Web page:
1. Response to date by sector

According to reports received so far by OCHA, response to date includes the following.

Food and agriculture

- WFP is procuring 6,183 metric tonnes of food commodities. 502 metric tonnes of food commodities have so far been distributed to some 27,000 affected persons.

- UNICEF has purchased 614 metric tonnes of cereals to restock 61 cereal banks in affected areas.

- Since the beginning of the crisis, the national food crisis authority used 37,800 metric tonnes of cereals from its own stocks and funds and undertook the following activities: sale of cereals at subsidized price, distribution of 500 metric tonnes of cereal seeds, and 66 projects to mitigate the crisis (1,800 metric tonnes Food for work, Cash for work, cereal banks, fodder banks)

- FAO has distributed 110 tonnes seeds and 853 tonnes of fodder to some 10,000 households.

As a preventive and mitigating response to the situation, the government of Niger has since November 2004 used 42,000 tons of food commodities or the equivalent of USD 31.2, taken out of its buffer stocks and cash reserves. The intervention strategy consisted in covering 40% of the food deficit through:

- sale of cereals at a subsidized price (XOF 10,000 per bag of 100 KG; 32,000 MT)

- cereal banks (728 units with 7,075 MT)

- food for work (2,821 MT) in 355 sites of high intensity manpower work

- cash for work (USD 604,000)

- 67 nutritional recuperation sites supplied with 201 MT

- 157 fodder banks supplied with 2,915 MT

In collaboration with partners, the government is currently developing a distribution plan for 40,000 MT of additional food aid: 5,000 MT of rice available in warehouses; and 36,500 MT of food aid which is in the pipeline. Of the 40,000MT, 20,000 MT is planned to be allocated to free targeted food distribution, while the other half will be used for cereal loan operations to be paid back after the October harvest.

Health and nutrition

UNICEF has procured and distributed therapeutic food and essential drugs and dispatched them to 10 implementing partners on 15 feeding centres. UNICEF has furthermore undertaken training on the treatment of malnutrition for a group of 80 health workers and partners in the whole country.

UNFPA has provided supplementary nutrients to pregnant and lactating mothers, as well to women in Zinder and Agadez.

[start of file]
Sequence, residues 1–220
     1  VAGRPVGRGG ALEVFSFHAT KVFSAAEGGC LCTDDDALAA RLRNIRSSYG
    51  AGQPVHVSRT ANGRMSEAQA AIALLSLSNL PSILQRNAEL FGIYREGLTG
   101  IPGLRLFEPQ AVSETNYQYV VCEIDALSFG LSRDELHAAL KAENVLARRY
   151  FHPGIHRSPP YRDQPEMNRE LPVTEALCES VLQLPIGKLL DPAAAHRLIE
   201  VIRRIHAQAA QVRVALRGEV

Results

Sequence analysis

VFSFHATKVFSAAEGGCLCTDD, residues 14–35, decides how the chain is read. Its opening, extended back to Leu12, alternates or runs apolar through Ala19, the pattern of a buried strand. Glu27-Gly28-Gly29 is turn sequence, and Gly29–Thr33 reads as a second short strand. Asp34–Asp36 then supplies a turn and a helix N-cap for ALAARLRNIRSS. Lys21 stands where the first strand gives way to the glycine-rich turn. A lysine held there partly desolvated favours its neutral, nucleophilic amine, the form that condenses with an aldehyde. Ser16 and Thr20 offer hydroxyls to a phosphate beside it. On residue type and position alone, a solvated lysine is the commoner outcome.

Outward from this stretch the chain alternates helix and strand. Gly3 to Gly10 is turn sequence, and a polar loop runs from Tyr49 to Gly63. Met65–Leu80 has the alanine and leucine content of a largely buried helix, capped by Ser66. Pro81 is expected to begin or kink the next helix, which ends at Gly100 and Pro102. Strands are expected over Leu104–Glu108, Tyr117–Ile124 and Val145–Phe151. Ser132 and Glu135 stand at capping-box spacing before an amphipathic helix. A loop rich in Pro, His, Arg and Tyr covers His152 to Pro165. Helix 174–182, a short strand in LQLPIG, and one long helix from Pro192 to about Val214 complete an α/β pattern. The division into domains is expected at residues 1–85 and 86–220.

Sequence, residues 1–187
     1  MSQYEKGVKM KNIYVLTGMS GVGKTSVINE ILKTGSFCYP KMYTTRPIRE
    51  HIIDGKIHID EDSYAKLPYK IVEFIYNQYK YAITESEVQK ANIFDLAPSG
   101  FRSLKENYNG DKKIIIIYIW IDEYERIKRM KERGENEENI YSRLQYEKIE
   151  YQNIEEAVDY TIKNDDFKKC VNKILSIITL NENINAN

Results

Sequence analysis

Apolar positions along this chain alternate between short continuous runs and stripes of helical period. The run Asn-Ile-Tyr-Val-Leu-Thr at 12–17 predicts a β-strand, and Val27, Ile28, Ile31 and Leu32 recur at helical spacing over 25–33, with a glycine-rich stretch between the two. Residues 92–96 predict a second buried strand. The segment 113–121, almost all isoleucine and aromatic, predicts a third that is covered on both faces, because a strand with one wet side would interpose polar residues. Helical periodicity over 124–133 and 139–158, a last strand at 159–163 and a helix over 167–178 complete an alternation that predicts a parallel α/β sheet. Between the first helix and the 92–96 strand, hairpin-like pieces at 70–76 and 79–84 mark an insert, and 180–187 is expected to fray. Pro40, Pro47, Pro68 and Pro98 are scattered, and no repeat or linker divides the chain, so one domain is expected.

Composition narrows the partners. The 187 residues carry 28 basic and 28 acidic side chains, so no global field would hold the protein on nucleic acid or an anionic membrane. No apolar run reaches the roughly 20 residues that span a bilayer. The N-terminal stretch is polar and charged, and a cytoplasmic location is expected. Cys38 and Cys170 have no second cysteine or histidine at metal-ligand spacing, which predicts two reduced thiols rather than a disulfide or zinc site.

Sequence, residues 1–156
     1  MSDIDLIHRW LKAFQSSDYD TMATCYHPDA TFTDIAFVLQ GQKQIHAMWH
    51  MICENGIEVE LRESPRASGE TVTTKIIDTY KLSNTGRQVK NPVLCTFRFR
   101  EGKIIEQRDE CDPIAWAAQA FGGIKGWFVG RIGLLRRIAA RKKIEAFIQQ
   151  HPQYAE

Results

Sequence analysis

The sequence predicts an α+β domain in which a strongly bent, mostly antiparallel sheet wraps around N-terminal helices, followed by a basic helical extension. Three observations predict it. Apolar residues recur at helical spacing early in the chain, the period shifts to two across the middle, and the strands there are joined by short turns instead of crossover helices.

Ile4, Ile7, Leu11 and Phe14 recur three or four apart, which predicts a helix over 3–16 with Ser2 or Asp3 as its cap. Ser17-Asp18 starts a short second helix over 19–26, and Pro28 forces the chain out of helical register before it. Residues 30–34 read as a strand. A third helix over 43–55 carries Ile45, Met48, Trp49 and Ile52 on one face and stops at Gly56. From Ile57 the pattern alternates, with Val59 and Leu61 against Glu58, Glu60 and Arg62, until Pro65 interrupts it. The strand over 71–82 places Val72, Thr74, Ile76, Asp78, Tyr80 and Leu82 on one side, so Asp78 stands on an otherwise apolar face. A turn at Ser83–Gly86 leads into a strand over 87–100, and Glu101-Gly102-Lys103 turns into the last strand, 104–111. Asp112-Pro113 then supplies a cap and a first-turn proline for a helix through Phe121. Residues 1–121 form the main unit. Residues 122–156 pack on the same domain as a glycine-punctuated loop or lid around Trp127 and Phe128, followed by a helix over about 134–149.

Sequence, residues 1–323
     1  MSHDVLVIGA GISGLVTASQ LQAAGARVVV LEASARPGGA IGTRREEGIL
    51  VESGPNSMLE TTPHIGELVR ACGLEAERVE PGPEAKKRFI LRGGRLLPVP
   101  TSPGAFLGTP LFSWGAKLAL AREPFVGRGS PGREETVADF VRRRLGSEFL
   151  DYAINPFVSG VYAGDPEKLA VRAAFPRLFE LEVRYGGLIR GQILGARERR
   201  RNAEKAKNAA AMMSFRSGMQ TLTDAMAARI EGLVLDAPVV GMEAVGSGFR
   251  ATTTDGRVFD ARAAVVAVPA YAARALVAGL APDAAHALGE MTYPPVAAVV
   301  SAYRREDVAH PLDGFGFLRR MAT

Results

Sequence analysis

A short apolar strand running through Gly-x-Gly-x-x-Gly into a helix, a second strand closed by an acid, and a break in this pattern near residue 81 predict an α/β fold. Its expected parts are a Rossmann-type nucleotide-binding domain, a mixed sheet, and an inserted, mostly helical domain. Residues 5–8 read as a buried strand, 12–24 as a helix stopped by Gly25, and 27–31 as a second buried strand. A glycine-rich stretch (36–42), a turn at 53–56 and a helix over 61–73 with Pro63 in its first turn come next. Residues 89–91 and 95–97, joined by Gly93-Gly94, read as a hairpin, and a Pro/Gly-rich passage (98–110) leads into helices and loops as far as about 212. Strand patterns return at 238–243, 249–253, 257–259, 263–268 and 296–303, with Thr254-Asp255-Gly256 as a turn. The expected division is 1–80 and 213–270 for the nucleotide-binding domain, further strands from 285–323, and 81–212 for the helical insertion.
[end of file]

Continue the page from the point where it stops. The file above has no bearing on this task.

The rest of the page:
UNDP supports the DNPGCA – the national body in charge of coordinating risk reduction, prevention and response activities to mitigate and manage food crises (Dispositif National de Prévention et de Gestion des Crises Alimentaires) by providing funds for coordination, logistical and information management.

OCHA has recruited a national officer to support the UNRC and the UNCT while its Regional Support Office continues to provide surge capacity to assist with information management and the appeal; in addition, OCHA is deploying additional staff from its headquarters in Geneva to enhance support to the UNRC and UNCT in advocacy, strengthening coordination arrangements, resource mobilization and financial tracking.

IV. Coordination and capacity building

1. Strategic level

The national body in charge of coordinating risk reduction, prevention and response activities to mitigate and manage food crises (Dispositif National de Prévention et de Gestion des Crises Alimentaires – DNPGCA) is the key coordination structure in Niger for preventing and managing food crises. It consists in stocks and funds: i) a joint fund of donors (FCD) to prevent food crisis through cereal banks and food for work activities, ii) a national buffer stock (SNR) of approximately 80,000 metric tons for emergency response, iii) a physical security stock of 40,000 tons of cereals (SNS), iv) a financial stock for food security (FSA) enabling to purchase 40,000 t of cereals.

It is managed by a joint commission (CMC) including the government (Prime minister's cabinet), donors and multilateral organizations. WFP represents the whole donor community in the commission. For the implementation of operations, it involves all relevant public structures under the Prime minister's cabinet chairmanship. A 'Comité restreint de concertation' is the strategic forum for decision-making. Bids for procurement of food commodities and seeds are selected among a special committee of partners.

The executive secretariat is facilitated by the food crises cell (CCA) in charge of the coordination of activities among partners. Weekly inter-agencies / NGOs coordination meetings have been started (Thursdays at 10:00 am) by the end of June, chaired by the Prime minister's cabinet and facilitated by the CCA, where needs are reviewed, information is shared on who is doing what and where, strategic decisions are discussed as well at this level (i.e. free food distribution versus loans of cereals).